Aalborg Museum of Art dates all the way back to the 1870s, but over the years it underwent a huge change, as is evident in the Museum’s change of names, the architectural setting and the nature of the art collection.
Once a steadfast collection of Danish art, today Kunsten has a collection of top quality, international modern and contemporary art. Here is an overview of the Museum’s development:
1851 Aalborg Art Association starts to organise exhibitions at various venues in Aalborg.
1870 Aalborg Art Association establishes a permanent collection and starts looking for a suitable Museum building. The schnapps distiller, Harald Jensen is responsible for ‘The Permanent Exhibition’, as it is known, and becomes the founder of the art Museum.
1879 Aalborg Museum is inaugurated – a building that is intended to house the collections of both the Art Museum and the Historical Museum.
1891 Aalborg Museum of Art is declared a self-governing institution with its own board. Harald Jensen is the Chairman.
1893-96 The new Museum is inaugurated. Today the building houses the Aalborg Historical Museum.
1914 The Mayor, F. Bornemann is appointed Chairman of the Board for Aalborg Museum of Art. Subsequently the Museum leads a quiet existence with one Chairman after another.
1934 A group of interested citizens set up Selskabet Aalborg KunstMuseums Venner (Friends of the Museum of Art). Their principal aim is to acquire a new building for the Museum of Art as well as purchasing works of art for the collection.
1936 The Museum’s building committee organises a nationwide competition for a new Museum of Art. For a number of reasons, none of the proposals come to anything.
1957 A Nordic architectural competition is organised for the new Museum of art. When assessing the proposals received, the priorities were: the position of the building in the area and its interaction with its surroundings; the planning of the building; and the use of light. The winning proposal was that of Alvar Aalto and his partners: his wife, Elissa Aalto and the Danish architect, Jean-Jacques Baruël.
1963 The contract with Alvar Aalto is signed.
1967 Lars Rostrup Bøyesen, the former Chief Curator at the National Gallery of Denmark and consultant for Aalborg Museum of Art, becomes the first Museum Director of Aalborg Museum of Art. The Museum is professionalised and the information work, which the previous board started, is developed. Lars Rostrup Bøyesen regards improving the quality of the Museum’s collection as one of his first tasks.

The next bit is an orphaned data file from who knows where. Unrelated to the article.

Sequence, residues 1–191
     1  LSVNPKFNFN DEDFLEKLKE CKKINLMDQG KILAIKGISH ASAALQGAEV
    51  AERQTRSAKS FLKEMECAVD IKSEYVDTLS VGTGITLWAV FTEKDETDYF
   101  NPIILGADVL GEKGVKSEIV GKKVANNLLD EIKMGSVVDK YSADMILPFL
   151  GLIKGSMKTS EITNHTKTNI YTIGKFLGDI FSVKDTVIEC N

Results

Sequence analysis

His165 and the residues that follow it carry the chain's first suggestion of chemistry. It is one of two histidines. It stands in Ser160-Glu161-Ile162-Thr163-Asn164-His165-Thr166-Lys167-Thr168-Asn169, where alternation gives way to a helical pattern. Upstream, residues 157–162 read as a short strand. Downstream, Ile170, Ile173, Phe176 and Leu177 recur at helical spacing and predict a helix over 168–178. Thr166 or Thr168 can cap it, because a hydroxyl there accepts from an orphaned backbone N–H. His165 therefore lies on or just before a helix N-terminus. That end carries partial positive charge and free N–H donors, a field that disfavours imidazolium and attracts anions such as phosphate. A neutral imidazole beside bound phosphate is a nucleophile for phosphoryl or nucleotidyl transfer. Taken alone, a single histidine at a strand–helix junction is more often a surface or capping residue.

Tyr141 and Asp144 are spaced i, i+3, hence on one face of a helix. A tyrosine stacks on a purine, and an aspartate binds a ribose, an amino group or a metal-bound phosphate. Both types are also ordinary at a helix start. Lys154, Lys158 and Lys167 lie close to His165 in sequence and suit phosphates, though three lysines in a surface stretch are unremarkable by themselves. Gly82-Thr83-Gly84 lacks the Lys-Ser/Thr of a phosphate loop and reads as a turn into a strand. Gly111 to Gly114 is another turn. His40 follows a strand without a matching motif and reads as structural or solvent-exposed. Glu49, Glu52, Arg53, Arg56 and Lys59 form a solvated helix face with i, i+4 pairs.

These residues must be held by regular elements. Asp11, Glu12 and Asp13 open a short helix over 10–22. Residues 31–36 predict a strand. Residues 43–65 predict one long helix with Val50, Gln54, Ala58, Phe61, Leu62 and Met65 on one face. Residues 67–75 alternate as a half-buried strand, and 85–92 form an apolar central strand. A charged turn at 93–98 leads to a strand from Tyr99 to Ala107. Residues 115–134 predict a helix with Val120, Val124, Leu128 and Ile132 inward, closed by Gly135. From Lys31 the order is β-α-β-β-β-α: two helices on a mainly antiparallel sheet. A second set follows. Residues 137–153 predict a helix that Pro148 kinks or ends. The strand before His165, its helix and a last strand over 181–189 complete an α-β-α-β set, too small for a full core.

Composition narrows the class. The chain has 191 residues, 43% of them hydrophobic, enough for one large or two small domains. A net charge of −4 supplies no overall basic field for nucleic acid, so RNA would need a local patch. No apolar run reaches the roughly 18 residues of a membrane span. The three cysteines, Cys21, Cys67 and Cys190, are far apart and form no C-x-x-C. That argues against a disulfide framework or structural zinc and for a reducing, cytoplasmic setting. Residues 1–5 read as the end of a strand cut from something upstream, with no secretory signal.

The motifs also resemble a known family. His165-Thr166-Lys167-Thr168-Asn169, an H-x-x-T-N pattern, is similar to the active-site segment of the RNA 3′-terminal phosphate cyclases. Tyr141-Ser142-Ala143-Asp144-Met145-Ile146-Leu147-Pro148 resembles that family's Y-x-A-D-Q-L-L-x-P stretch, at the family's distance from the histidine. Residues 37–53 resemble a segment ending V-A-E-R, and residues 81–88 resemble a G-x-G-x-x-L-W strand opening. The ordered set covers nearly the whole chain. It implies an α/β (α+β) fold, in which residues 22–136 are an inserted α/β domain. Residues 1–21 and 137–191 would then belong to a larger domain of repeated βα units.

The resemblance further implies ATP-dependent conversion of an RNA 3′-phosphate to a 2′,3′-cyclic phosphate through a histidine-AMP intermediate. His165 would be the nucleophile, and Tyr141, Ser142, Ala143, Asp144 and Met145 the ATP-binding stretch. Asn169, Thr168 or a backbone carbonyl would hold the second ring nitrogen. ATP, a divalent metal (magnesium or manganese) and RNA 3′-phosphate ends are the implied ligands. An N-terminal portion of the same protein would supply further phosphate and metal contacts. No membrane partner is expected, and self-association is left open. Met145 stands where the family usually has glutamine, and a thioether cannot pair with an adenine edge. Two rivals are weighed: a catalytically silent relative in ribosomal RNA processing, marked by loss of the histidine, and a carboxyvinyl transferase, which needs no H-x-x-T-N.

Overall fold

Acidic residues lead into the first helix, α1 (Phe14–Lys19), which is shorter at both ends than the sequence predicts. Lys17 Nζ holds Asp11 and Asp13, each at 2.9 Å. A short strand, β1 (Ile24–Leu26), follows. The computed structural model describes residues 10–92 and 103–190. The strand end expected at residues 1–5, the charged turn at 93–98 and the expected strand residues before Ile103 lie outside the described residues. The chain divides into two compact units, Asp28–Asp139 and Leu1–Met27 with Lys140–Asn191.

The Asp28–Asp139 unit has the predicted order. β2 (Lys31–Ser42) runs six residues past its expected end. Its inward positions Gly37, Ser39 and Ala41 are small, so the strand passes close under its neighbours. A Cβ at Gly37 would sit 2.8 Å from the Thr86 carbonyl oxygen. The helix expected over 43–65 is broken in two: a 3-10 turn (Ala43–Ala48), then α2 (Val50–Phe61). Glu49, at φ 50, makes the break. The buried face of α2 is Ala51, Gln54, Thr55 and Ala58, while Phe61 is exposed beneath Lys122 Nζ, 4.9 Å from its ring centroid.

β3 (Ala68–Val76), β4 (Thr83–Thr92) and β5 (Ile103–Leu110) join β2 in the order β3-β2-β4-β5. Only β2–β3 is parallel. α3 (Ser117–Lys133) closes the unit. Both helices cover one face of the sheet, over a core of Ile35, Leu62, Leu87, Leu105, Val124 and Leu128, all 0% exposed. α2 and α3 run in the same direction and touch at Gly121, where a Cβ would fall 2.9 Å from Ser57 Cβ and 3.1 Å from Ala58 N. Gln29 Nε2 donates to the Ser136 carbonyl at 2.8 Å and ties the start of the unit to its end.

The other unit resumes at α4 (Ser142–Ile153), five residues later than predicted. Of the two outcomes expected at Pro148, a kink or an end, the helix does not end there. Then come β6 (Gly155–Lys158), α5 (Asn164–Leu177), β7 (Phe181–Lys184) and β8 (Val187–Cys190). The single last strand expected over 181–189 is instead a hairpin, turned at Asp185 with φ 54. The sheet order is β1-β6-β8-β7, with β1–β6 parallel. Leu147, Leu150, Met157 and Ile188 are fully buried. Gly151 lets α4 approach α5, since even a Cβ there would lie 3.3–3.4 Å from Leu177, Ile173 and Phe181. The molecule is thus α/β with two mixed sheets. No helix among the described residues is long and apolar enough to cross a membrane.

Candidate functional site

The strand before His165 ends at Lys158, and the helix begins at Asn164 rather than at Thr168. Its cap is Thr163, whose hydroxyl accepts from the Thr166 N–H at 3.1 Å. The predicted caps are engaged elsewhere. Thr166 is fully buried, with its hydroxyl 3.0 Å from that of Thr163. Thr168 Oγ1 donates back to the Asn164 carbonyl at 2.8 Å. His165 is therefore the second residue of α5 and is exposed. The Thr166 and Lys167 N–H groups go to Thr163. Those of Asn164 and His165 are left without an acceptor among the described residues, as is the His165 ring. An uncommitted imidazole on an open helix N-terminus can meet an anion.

1967 Lars Rostrup Bøyesen purchases new works for the Museum’s collection. At an auction in Stockholm he uses the entire annual acquisition budget on a prestigious mosaic by Pablo Picasso and a collage by Le Corbusier. This marks the start of a new direction and a higher level of quality in the Museum’s collection.
1967 Aalborg Municipality and the Kirsten & Palle Diges Fond purchase Anna and Kresten Krestensen’s private collection of abstract modern art for the Museum: about 400 works from the period 1910-1960. At the heart of the collection are Danish Modernism, the COBRA group and the Paris School. The collection is later supplemented with works by Surrealists, Fluxus artists and the Danish ‘unge vilde’ (the young and wild) movement of the 1980s.
1967 The Museum changes its name to Nordjyllands Kunstmuseum (North Jutland Museum of Art), partly to attract new grant givers for the new Museum building to be constructed. The Museum is promoted as a ‘cultural centre for art’, aimed at consolidating the region and attracting new people.
1968 The local and national funding for the building comes together, and all licences are granted. Construction starts.
1972 Alvar Aalto’s Museum building is inaugurated by Her Majesty Queen Ingrid. In Lars Rostrup Bøyesen’s words, the Museum should be a place, where “people feel at home and to which they want to return.” The day after the opening, the Museum is flooded with 4,500 visitors and the turnstile breaks down.
1995 The building is listed as a fully-fledged example of Alvar Aalto’s special interpretation of Modernism and the only building in Denmark to be designed by the Finnish architect.
1996 The Museum leads the way in terms of digital development and gets its first fully developed website on the Internet – the same year as the Danish Broadcasting Corporation. At this point 12% of Danes are using the Internet 2 hours per week.
2008 Announcement of the new, impressive name: KUNSTEN Museum of Modern Art Aalborg. Starting in 2016 ‘Kunsten’ is no longer written in capital letters.
2012 The Museum establishes a new store for the Museum of Art’s works with more room and the right climatic conditions.
2014 The restoration of Kunsten begins.
2016 After one-and-a-half year’s extensive restoration, the Museum is ready to receive visitors in a new, improved version. Read more about the restoration here.